Review: ‘Bright Star’ at The Curran (****)

by Charles Kruger

Tony nominee Carmen Cusack as Alice Murphy in “Bright Star.” Photo Credit: Joan Marcus.
This reviewer is a voting member of the San Francisco Bay Area Theatre Critics Circle (SFBATCC)

Carmen Cusack was rightly nominated for a Tony award for her role as Alice Murphy in Steve Martin’s and Edie Brickell’s blue grass musical “Bright Star.” The show, which received otherwise lukewarm reviews and closed quickly, comes to the  Curran in San Francisco from Los Angeles, at the start of a national tour.

Cusack is indeed spectacularly good, and the rest of the cast is more than capable. Steve Martin is never less than competent as playwright and musician, and “Bright Star” is far from a failure. But it is also far from an unqualified success.

I love blue grass music but, for the most part, this score is merely serviceable. The story had great potential, but was compromised, perhaps for commercial purposes. While the first act has depth and evokes some fine southern writing (one thinks first of Flannery O’Connor), the second act went all topsy turvy. Blue grass, Flannery O’Connor, Gilbert & Sullivan, a dollop of Oscar Wilde, and a sprinkling of jokes in the style of a TV sit-com make for a mushy mishmash.

The story is set in rural North Carolina and the relative metropolis of Asheville, over a span of 22 years. It follows the life trajectories of a man and a woman, a generation apart. The young Billy Cone (charmingly played by A. J. Shiveley) arrives in Asheville to present his short stories to the middle aged Alice Murphy (Tony nominee Cusack), editor of a literary journal.

The stories of their lives are chock full of southern backwoods stereotypes and blue grass music. Eventually, the plot takes a dive into Southern Gothic territory, wallowing in guilt and secrets, and shocking plot twists that challenge our credulity, to put it mildly. Eventually, the threads that connect these two people are revealed and a happy ending is achieved by the survivors of the storm.

The plot swings like a broken gate between absurdity and cliche, but the performances are uniformly charming, the music entertaining and well performed, and the jokes delivered for maximum laughter. Speaking of that, Jeff Blumenkrantz as a supporting character, Daryl Ames, wields a punch line like a swinging axe and never misses a cut.

Overall, this somewhat silly exercise is a hot mess that fails to achieve much substance, but takes us on a charming ride nonetheless.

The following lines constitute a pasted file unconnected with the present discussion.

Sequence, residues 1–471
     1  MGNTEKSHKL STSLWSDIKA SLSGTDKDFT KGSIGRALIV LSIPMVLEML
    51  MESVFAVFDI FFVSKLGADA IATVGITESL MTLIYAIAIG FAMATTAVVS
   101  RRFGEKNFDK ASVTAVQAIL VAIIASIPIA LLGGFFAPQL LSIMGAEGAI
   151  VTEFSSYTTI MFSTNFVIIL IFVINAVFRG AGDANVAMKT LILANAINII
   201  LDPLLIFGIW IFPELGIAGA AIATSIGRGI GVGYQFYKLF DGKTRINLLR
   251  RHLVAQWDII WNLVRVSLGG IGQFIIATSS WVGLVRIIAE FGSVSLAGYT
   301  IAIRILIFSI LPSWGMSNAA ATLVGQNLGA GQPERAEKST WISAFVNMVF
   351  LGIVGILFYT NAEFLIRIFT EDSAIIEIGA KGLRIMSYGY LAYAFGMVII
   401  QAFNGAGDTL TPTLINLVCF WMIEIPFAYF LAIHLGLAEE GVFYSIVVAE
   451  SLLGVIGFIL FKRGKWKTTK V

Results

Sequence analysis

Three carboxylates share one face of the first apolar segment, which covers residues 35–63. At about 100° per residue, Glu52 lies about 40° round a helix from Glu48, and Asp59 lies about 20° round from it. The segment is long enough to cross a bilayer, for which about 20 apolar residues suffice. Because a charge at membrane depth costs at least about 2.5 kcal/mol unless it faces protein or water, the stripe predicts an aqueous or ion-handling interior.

“Bright Star” continues at the Curran Theatre through December 17th. For further information, click here.

_____________________________

Rating:  **** (for an explanation of Theatrestorm’s rating scale, click here.)

_____________________________

“Bright Star,” Book by Steve Martin, Music and Story by Edie Brickell, Lyrics by Edie Brickell, produced by The Old Globe. Director: Walter Bobbie. Choreography: Josh Rhodes. Music Direction: P. Jason Yarcho. Scenic Design: Eugene Lee. Costume Design: Jane Greenwood. Lighting Design: Japhy Weideman. Sound Design: Nevin Steinberg.

Cast:

Alice Murphy: Carmen Cusack. Daddy Murphy: Stephen Lee Anderson. Daddy Cane: David Atkinson. Mayor Josiah Dobbs: Jeff Austin. Margo Crawford: Maddie Shea Baldwin. Daryl Ames: Jeff Blumenktrantz. Mama Murphy: Allison Briner-Dardenne.  Jimmy Ray Dobbs: Patrick Cummings. Lucy Grant: Kaitlyn Davidson.Billy Cane: A. J. Shiveley. Edna: Audrey Cardwell. Max: Max Chernin.County Clerk: Robin De Lano. Dr. Nordquist: David Kirk Grant. Stanford Adams: Kevin McMahon. Florence: Alessa Neeck. Ensemble: Devin Archer, Audrey Cardwell, Max Chernin, Robin De Lano, David Kirk Grant, Kevin McMahon, Alessa Neeck, Michael Starr. 

Advertisements

Leave a Reply

Fill in your details below or click an icon to log in:

WordPress.com Logo

You are commenting using your WordPress.com account. Log Out / Change )

Twitter picture

You are commenting using your Twitter account. Log Out / Change )

Facebook photo

You are commenting using your Facebook account. Log Out / Change )

Google+ photo

You are commenting using your Google+ account. Log Out / Change )

Connecting to %s